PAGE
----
Scott Westerfield, author of the popular Uglies series, is back with an amazing new novel in the steampunk tradition. Leviathan features an alternate 1914 Europe, where countries are classified as "Clankers," devoted to mechanical machinery, or "Darwinists," who genetically engineer animals to perform most of society's tasks.
The action-packed books in the new Amazing Adventure Books list are perfect for a snowy winter afternoon. These stories are guaranteed to keep you glued to your seat as you experience the perils of crash landing in an icy wilderness, battling with pirates over treasure, or speaking with lions as you try to find your kidnapped parents. Browse the list and check out a new adventure today.
Every so often a book comes along that completely entrances us. A spell seems to fall over my kids as we are reading, and when we are done, a small sigh is offered up as we reconnect with reality.
Mass-produced holiday cards first appeared in Europe with the early printing presses, hundreds of years ago. As early as 1467, the Christ child appeared on a card in Germany wishing the receiver a good and happy year.
In older times and in other countries, New Year's was a time to give little presents, sometimes food, sometimes jewelry, sometimes money. In some countries, they still prefer to send New Year's cards to Christmas cards.
Bored? Nothing to do? Jump into a cozy picture book on a winter night. Troublesome trolls and a beauty's Beast! Helpful hedgehogs and polite polar bears! Whether you find yourself surrounded by swirling snowflakes or a chilly blue twilight, there are no better companions for winter's frozen brightness than Jan Brett's tales from the European tradition. Read our author profile for more.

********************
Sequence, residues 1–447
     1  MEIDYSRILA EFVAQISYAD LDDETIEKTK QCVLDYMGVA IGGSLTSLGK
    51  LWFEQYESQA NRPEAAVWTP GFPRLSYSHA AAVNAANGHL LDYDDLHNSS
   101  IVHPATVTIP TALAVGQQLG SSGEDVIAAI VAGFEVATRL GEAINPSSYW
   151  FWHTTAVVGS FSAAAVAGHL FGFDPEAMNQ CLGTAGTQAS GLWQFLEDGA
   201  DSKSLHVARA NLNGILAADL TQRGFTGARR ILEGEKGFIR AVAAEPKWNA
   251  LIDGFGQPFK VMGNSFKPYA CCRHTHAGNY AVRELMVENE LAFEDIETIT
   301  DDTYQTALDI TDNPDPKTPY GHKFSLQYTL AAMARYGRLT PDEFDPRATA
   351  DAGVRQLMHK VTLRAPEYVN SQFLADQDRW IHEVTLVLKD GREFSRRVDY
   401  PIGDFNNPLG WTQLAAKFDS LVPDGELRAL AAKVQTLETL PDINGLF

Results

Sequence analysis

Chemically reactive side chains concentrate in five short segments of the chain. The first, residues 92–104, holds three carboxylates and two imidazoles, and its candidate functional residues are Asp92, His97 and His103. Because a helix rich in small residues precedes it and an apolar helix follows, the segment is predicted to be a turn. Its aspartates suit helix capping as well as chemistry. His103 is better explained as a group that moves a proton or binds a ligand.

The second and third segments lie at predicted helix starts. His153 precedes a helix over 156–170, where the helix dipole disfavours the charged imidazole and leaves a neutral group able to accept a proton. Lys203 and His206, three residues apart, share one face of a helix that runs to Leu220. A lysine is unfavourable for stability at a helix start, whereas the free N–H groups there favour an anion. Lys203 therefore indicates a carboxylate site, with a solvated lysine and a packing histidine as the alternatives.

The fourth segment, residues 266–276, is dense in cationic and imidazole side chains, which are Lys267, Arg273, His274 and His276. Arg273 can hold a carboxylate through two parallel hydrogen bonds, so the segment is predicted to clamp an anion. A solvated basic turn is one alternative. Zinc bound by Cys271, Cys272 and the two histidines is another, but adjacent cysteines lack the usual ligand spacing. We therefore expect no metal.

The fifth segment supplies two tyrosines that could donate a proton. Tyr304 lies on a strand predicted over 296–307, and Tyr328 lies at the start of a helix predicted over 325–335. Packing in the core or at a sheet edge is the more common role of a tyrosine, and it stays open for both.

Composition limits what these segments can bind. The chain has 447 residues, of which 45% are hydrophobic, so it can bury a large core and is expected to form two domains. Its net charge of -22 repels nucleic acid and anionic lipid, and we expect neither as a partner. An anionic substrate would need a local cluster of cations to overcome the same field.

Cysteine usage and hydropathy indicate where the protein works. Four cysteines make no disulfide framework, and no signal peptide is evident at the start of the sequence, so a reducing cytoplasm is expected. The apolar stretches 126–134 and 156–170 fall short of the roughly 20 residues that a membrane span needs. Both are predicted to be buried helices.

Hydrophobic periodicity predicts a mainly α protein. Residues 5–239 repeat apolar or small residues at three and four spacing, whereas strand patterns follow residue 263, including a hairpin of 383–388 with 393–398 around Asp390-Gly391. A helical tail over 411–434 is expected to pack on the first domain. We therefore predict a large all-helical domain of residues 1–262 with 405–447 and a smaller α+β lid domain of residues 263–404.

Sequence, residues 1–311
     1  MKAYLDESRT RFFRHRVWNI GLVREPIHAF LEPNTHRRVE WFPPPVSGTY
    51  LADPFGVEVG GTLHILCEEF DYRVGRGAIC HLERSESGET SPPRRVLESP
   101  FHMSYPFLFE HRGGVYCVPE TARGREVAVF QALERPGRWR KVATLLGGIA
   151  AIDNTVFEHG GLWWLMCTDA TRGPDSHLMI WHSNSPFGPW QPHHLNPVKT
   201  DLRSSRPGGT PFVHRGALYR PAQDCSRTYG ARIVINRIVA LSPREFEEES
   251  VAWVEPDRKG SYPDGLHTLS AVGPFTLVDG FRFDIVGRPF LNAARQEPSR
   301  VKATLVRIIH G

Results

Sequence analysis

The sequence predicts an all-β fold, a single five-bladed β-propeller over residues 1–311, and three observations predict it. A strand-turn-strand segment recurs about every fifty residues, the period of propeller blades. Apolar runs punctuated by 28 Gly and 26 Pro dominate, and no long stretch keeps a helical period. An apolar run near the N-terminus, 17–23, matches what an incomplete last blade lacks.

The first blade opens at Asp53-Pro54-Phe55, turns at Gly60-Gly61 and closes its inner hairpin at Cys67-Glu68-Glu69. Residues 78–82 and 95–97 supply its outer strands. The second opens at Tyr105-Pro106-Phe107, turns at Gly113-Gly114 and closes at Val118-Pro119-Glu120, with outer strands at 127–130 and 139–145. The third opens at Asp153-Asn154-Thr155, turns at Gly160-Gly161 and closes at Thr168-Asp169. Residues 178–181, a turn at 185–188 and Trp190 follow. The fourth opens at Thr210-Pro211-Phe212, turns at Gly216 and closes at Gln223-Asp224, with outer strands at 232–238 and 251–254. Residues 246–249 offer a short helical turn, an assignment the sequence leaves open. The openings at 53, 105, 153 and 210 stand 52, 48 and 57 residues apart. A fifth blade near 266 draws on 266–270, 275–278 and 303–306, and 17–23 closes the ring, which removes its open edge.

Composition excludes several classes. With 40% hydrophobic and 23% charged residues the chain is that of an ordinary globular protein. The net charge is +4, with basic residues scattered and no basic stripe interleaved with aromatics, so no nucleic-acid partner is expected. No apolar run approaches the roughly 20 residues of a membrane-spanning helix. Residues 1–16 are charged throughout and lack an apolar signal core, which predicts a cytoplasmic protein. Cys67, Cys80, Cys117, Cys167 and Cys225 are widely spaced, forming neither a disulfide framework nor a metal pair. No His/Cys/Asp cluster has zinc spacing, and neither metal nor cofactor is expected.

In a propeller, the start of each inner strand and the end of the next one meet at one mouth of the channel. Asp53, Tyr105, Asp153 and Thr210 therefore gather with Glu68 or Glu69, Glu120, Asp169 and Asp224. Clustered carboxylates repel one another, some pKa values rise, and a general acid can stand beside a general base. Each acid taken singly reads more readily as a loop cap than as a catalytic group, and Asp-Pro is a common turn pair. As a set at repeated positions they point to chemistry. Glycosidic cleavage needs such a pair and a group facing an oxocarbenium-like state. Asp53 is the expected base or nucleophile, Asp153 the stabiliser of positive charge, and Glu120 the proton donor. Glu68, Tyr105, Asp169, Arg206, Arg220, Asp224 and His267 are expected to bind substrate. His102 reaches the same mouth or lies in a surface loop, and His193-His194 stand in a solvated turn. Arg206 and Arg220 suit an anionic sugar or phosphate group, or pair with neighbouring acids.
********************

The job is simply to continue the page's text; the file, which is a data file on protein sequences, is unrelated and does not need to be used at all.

Today, Sesame Street turns 40 years old. As a child of the '70's, Oscar the Grouch, Big Bird, and Grover became my very close pals. The music–from the uplifting "Sunny Days" intro theme to the swinging "1-2-3-4-5-6-7-8-9-10-11-tweeeelve" pinball disco song–became personal anthems. I learned phonics from the letter of the day and counting from...who else?...The Count.
Right now there is a sick kid upstairs, reading and coughing. And laughing, in between coughs. "Mom, this book is hilarious!" he manages to squeak out, somewhat breathlessly. When I ask what the book is, I'm told, "This Book is Not Good For You," which doesn't sound like a promising read when you are ill. The plot summary includes something about adventure, chocolate, and kidnapping. And a narrator who writes himself into the story, sometimes even falling asleep for pages at a time.
Halloween is October 31, 2009. We have scared up some great articles and booklists for you to learn more about this spooky holiday.
Get ready for some spooky good times! We found lots of games to play, stories to share, crafts and recipes beyond compare.
Did you know that Halloween is one of the world’s oldest holidays? It has gone through many changes, but was originally a Celtic festival called Samhain (pronounced sow-in), marking the end of harvest and the beginning of the new year (November 1st).
Ghoulish, ghastly and deliciously fun books for all ages!